I. Kunik Co.

Kunik Co. has come a long way since Russian immigrant Irving Kunik started selling grapes in the streets of Chicago in the mid-1940s. In 1947, he left the Windy City as the owner of two small grocery stores and moved to south Texas to pack and ship Texas citrus fruits. His son-in-law, Leonard Kroman, joined him in 1950. The duo packed mixed greens and carrots in the 1950s and 1960s, and they eventually imported tangerines and oranges from Mexico.

The McAllen, Texas-based company ventured into farming its own carrots, cabbage and melons, and in the 1980s, I. Kunik peaked with more than 1,500 acres in cultivation. Today, as the third generation owner leads the company, its operations have once again shifted into importing limes, citrus, cabbage and carrots from Mexico.

Even though I. Kunik’s products change from time to time, the company says it continues to strive for the same standards of quality, service and honesty that its founder handed down to its current leaders. For more than 60 years, I. Kunik has been setting itself apart through its rich history. “Our longevity means that my family has worked so hard for the last 60 years to be at the forefront of the produce industry,” President Lawrence Kroman explains. Kroman, who has been with the company since 1985, says honesty and integrity are two things he has learned so far. 

“We are honest with our suppliers and customers,” he continues. “We try to do our best quality job – not only with the quality of products but the quality of our service.”

Serving Quality Produce

I. Kunik serves customers such as Walmart, Safeway and C&S Wholesale Grocers all over the United States. Ninety-five percent of its products come from Mexico, and the remaining percent comes from Texas.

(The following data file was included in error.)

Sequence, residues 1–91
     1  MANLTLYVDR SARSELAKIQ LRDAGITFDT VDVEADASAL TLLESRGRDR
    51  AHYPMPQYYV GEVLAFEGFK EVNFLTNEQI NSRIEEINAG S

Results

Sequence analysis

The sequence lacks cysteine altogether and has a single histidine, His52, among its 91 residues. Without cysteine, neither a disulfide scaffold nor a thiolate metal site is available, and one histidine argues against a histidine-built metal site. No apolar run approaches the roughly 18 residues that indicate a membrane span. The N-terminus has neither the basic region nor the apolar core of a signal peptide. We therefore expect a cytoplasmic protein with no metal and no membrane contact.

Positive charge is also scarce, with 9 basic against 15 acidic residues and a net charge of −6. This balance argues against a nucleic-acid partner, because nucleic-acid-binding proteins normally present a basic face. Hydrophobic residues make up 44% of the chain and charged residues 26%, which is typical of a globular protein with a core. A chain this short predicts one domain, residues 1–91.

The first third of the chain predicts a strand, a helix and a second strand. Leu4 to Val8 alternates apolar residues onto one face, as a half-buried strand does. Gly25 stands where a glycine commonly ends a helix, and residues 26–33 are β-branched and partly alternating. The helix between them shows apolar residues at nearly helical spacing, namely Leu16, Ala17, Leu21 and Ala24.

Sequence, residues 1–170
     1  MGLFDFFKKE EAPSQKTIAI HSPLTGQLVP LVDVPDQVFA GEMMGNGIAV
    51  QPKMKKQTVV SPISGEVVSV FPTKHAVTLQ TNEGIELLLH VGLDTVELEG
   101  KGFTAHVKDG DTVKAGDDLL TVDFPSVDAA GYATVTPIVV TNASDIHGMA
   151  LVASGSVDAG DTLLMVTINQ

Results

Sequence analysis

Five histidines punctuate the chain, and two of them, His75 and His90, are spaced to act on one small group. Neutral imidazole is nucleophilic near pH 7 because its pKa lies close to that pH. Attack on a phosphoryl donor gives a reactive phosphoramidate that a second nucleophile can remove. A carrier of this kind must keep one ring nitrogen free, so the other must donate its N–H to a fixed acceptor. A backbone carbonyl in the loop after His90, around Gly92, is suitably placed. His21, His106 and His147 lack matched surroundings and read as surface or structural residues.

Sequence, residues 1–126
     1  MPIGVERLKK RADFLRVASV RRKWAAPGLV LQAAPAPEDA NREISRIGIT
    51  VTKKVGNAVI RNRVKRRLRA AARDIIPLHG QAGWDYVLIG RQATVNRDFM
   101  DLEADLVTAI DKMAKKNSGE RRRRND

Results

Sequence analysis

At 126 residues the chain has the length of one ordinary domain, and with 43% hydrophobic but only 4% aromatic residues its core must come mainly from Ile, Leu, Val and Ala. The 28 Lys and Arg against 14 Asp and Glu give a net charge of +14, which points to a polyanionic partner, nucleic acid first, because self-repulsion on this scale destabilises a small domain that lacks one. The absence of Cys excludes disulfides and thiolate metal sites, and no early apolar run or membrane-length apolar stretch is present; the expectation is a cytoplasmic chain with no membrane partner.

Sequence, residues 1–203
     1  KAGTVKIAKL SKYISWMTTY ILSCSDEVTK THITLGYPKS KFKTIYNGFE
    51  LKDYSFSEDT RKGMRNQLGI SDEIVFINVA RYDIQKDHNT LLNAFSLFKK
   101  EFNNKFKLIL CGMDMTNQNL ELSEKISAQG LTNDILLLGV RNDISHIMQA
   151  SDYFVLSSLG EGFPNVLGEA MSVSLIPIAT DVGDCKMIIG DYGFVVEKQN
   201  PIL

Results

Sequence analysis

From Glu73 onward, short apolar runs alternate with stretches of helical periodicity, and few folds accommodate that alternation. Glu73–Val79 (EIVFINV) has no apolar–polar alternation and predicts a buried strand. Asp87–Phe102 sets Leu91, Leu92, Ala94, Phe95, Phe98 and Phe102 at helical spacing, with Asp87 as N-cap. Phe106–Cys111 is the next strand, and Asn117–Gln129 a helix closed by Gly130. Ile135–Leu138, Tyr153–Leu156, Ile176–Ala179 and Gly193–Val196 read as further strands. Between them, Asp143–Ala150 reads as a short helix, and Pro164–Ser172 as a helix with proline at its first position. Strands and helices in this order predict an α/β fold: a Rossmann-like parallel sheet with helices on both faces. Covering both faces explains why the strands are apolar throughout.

However, the biggest challenge facing the company today is food safety and traceability. “Traceability is a huge a challenge that the whole industry is facing,” Kroman says. “There is an industry-wide produce traceability initiative we are following and we are moving toward that.

“Also, part of our food safety effort is that we are third-party certified,” Kroman continues. “We keep on maintaining that high level of [dedication to safety] to make sure our produce is safe for people to eat.”

Ensuring that products are of high quality and delivered on time is a constant challenge, but one that doesn’t affect I. Kunik that much.

“We deliver produce the way our customers want it,” Kroman stresses. “Day in and day out, we have the best quality limes available. We perform according to what our customers ask us – be it logistics or packaging.”

I. Kunik maintains a facility that houses six coolers for various temperatures, depending on the products. Cold storage capacity is 50 loads.

Meeting Consumer Demands

The volatile pricing of produce is a challenge I Kunik faces every day, Kroman says. “Limes have been very high in terms of prices due to the cold and rain that we had in December and January,” he states. “February and March have also been tight and the prices have been high. I don’t think we’ll see them way down until some time in June. Usually the prices come down in mid-May, but this year we will probably see an extra few weeks of high pricing.”

Another market trend is the popularity of bagged products. “We got new bagging machines this year to keep up with this customer demand,” Kroman says, noting that customers today prefer limes packed in bags vs. limes on stands. “Mesh bags are more popular. Customers like how they look on the stands. It not only allows products to breathe, but they also look great.”

Leading the Pack

In the future, Kroman says he wants to continue to maintain what the company’s founder established. “I want to continue to lead the pack in the lime industry,” he notes. “Lime will always be a major part of our company. “

Although Kroman says the future of the next generation of leaders is still up in the air, his advice to them is simple. “Maintain the same standards of quality, honesty and service that has [brought] us where we are today,” he concludes.

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